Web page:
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The pulse of research

The Australian Research Council funded hub for the study of legumes is open. Based at the University of Sydney and with eight partners it will focus on productivity, profitability and sustainability. The centre has $3.97m and five years to spend it.

Cash injections

The feds are funding 14 medical projects with $7.4m “to address barriers to industry growth,” via the MTP Connect research developer. QUT has money to establish a biofabrication research centre, “utilising 3D digital scanning, modelling and advanced manufacturing technologies.” Flinders U is funded to scope a national programme for cooperation between medical device researchers and industry. The Australian Academy of Technological Sciences and Engineering has money for an industry-mentoring programme for PhD students.

Monash U has two projects supported, a local base for a Canadian project on commercialising regenerative medical products and therapies and a partnership with CSIRO to upgrade the latter’s protein production platform.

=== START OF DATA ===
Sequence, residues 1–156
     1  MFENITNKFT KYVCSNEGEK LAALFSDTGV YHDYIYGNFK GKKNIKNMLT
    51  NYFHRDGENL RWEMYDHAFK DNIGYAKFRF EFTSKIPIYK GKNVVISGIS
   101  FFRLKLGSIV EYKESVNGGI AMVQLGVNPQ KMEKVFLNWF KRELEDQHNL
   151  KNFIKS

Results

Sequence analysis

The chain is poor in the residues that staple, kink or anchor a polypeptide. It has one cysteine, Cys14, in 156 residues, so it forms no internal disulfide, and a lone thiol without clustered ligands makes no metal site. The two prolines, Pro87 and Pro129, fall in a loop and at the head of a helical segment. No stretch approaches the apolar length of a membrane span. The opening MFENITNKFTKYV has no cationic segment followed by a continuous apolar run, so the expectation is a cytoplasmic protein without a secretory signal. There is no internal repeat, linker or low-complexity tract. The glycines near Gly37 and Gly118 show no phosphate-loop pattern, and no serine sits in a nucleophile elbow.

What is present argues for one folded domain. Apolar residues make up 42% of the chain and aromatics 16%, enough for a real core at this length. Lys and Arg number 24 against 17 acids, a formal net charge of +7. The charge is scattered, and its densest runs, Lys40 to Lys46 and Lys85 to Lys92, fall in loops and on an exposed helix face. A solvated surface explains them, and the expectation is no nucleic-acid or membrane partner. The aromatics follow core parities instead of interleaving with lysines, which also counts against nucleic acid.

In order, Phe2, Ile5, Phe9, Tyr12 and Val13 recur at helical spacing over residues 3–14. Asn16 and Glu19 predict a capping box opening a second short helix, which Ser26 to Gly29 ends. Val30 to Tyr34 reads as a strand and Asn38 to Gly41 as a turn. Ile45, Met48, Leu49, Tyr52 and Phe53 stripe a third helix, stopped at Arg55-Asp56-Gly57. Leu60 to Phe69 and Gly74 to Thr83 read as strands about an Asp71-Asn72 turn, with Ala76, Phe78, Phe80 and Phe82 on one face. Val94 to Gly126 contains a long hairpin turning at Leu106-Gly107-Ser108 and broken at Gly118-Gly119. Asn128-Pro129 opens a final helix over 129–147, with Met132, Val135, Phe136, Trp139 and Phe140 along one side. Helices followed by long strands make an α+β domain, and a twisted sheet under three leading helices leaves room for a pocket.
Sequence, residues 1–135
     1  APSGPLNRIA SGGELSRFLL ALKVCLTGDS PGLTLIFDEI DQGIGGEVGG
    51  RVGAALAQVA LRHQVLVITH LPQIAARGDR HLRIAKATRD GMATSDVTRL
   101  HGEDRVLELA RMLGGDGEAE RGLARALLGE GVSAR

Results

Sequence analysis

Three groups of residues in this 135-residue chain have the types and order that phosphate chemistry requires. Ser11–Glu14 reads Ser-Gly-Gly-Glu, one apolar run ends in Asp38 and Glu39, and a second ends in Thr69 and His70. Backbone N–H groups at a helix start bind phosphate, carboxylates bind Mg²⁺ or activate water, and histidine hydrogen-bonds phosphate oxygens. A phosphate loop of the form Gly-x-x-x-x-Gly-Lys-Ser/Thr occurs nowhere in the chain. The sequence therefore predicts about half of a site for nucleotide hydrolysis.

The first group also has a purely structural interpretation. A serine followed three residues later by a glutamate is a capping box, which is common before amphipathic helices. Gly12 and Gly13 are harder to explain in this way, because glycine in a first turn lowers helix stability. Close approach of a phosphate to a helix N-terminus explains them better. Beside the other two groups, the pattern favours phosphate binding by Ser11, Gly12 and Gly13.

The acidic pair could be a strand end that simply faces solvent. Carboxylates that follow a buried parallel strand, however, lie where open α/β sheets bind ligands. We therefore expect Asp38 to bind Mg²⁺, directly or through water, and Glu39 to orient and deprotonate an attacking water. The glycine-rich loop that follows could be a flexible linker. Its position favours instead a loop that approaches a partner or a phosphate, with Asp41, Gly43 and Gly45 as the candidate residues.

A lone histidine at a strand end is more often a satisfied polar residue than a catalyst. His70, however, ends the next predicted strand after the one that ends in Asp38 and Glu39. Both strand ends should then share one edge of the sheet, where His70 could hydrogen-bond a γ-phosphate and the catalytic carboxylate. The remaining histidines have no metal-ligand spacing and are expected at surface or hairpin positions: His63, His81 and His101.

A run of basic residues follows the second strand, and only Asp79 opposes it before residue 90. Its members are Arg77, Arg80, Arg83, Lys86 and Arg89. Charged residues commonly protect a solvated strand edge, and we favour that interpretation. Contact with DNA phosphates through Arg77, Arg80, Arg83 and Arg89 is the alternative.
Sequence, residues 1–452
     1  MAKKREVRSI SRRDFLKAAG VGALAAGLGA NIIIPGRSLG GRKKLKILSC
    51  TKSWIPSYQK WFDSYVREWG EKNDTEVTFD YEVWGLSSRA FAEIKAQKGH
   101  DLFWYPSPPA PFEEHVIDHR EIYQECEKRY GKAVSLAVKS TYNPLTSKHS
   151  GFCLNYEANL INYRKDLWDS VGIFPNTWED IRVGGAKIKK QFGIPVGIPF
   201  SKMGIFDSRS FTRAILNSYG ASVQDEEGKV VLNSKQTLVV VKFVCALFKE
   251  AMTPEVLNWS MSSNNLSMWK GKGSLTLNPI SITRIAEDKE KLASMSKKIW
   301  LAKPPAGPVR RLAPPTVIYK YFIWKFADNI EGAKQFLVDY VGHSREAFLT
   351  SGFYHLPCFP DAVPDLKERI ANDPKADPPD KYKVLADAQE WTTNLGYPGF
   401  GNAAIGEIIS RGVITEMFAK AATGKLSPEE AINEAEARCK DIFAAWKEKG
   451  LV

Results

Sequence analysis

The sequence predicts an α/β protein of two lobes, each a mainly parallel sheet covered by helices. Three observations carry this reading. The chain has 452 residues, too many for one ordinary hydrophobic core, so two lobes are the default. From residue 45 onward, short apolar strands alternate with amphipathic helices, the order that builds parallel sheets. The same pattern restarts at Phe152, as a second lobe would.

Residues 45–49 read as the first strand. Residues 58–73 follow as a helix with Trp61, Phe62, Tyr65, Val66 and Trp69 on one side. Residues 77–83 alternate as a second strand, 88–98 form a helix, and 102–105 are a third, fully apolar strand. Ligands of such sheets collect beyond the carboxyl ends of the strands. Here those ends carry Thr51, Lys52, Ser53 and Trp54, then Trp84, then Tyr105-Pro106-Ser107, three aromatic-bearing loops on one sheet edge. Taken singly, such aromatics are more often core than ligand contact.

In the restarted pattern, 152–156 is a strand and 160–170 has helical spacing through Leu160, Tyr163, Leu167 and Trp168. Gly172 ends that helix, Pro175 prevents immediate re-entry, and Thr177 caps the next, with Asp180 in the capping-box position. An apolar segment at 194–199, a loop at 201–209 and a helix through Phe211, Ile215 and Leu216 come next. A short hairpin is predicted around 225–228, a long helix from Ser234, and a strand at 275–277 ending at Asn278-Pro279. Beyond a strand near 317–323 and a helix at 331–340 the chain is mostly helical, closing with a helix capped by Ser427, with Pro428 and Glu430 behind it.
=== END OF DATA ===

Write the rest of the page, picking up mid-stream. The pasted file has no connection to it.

Monash will also lead the Victorian Government’s $4m Medicines Manufacturing Innovation Centre, announced yesterday.

Trusted TAFE

What a coincidence! The day after the feds produced stats showing TAFE teaching popular courses for far less in fees than private providers the Andrews Government in Victoria announce $10m for “specialised teaching equipment … like 3D Laser Cutting Machines, equipment for nursing and pathology labs and high-tech panel saws.” Good-o, but just now TAFE could announce lessons will only be available painted  on cave walls and the system would still be more trusted than the for-profits.